Even though we went to Hawaii, if you ask us about our favorite trip this year, we’d probably all say it was our visit to Leaping Lamb Farm. This was a bonus trip that Tyla picked for Tyla’s 40th birthday celebration. Farm managers Denny and Kate were magnificently friendly, and it was a fulfilling to see Elijah helping with the farm chores and roaming the farm on his own.

This was also the year our family got into disc golf. I’ve always been curious about the sport, but I’ve also been too intimidated to try it out myself. Tyla and Elijah gave me a starter set of discs for Father’s Day and that eventually encouraged me to do some YouTube learning and get out to a course. I was hooked! I love that it’s friendly, approachable, free, and something the whole family can enjoy together outside. According to my UDisc app, I played 428 holes the majority of those were with Elijah. Part of the fun of learning new things is experiencing the rapid improvement as you progress from total newbie to bumbling beginner. By the end of summer, I had even played in my first tournament!

Work continues to go well. The vast majority of my organization still works from home and while there are people who go in for a few days a week, only a small percentage of employees show up every day. I pretty much only go in when there is free food for a social gathering. Otherwise, I very much prefer working from home. While it’s relatively unimportant compared to other work I do, the highlight of my work year was probably the US Government officially awarding me a patent. It’s fun to know that, at least according to the patent office, I’ve invented something brand new and it will be recorded forever.

It’s beyond cliche, but I’m really noticing how quickly life goes by. A week at work seems like nothing when I look back on it, and even the months fly by if I have something fun to look forward to next month. I suppose it’s a good way to breeze through the mundane parts of life, but it’s also an encouragement to live in the moment. If I don’t appreciate each day, the fast forwarding can keep accelerating until all I’m doing is looking forward to huge life events. (Queue the reference to Adam Sandler in the movie “Click.”)

Along with the increased pace of live comes more thoughts about how quickly my life will be over. Maybe this is also cliche for someone in their early 40s. I’ve always thought that eventually we’d move out into the country for a place with more land, but if we wait until Elijah is done with high school so we don’t have to care as much about school districts, then how long will we live in that house before we need to move back closer to town/doctors/help/etc? Regardless of all these earthly decisions, whenever the end of this life comes, I have heaven waiting for me through faith in Jesus’s saving death and resurrection. I think Paul’s words to the Philippians sum this all up nicely:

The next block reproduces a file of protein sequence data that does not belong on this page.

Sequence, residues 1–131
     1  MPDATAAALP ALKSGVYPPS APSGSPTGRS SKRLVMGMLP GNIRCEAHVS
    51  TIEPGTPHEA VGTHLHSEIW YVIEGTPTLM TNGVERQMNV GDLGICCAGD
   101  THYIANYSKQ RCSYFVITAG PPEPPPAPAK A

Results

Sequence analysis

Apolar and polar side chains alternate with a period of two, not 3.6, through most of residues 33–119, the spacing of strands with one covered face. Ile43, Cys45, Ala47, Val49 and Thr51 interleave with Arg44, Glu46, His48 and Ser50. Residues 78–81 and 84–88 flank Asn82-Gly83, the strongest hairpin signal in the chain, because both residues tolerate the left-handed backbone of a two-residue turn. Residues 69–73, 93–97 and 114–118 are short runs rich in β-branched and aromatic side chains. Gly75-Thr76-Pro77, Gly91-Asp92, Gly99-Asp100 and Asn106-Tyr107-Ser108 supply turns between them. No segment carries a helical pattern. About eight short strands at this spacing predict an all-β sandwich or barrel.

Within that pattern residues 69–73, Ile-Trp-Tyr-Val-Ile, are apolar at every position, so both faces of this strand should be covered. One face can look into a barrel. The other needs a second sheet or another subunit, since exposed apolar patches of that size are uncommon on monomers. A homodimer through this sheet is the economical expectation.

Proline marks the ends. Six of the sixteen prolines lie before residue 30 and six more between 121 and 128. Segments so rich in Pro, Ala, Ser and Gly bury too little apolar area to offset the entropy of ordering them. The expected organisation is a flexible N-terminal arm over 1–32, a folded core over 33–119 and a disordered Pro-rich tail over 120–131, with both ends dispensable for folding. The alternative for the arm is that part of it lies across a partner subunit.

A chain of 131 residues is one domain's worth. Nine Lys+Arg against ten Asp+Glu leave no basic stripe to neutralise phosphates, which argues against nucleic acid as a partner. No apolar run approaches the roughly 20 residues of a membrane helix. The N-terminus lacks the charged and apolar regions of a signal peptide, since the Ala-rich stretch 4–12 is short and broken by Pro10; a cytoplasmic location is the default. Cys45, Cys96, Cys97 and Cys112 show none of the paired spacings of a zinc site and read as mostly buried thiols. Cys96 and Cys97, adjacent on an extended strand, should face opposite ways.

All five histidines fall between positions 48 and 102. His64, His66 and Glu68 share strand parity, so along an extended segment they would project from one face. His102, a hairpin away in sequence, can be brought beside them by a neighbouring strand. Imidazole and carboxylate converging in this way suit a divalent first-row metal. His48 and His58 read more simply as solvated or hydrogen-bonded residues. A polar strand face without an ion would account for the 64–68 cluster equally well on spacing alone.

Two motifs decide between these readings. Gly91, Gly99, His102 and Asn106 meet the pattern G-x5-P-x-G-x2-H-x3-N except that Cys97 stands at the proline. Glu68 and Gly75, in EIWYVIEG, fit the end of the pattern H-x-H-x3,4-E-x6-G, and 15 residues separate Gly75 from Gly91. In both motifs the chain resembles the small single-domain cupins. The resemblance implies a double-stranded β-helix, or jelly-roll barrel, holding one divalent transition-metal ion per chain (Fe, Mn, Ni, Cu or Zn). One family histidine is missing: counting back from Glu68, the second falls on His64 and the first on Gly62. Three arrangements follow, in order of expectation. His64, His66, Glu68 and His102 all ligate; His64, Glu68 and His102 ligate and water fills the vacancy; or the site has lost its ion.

12 Not that I have already obtained all this, or have already arrived at my goal, but I press on to take hold of that for which Christ Jesus took hold of me. 13 Brothers and sisters, I do not consider myself yet to have taken hold of it. But one thing I do: Forgetting what is behind and straining toward what is ahead, 14 I press on toward the goal to win the prize for which God has called me heavenward in Christ Jesus.

Philippians 3:12-14

Previous Year In Review Posts: 20032004200520062007200820092010201120122013, 2014201520162017201820192020, 2021

Merry Christmas


1 In those days Caesar Augustus issued a decree that a census should be taken of the entire Roman world. 2 (This was the first census that took place while Quirinius was governor of Syria.) 3 And everyone went to their own town to register.

4 So Joseph also went up from the town of Nazareth in Galilee to Judea, to Bethlehem the town of David, because he belonged to the house and line of David. 5 He went there to register with Mary, who was pledged to be married to him and was expecting a child. 6 While they were there, the time came for the baby to be born, 7 and she gave birth to her firstborn, a son. She wrapped him in cloths and placed him in a manger, because there was no guest room available for them.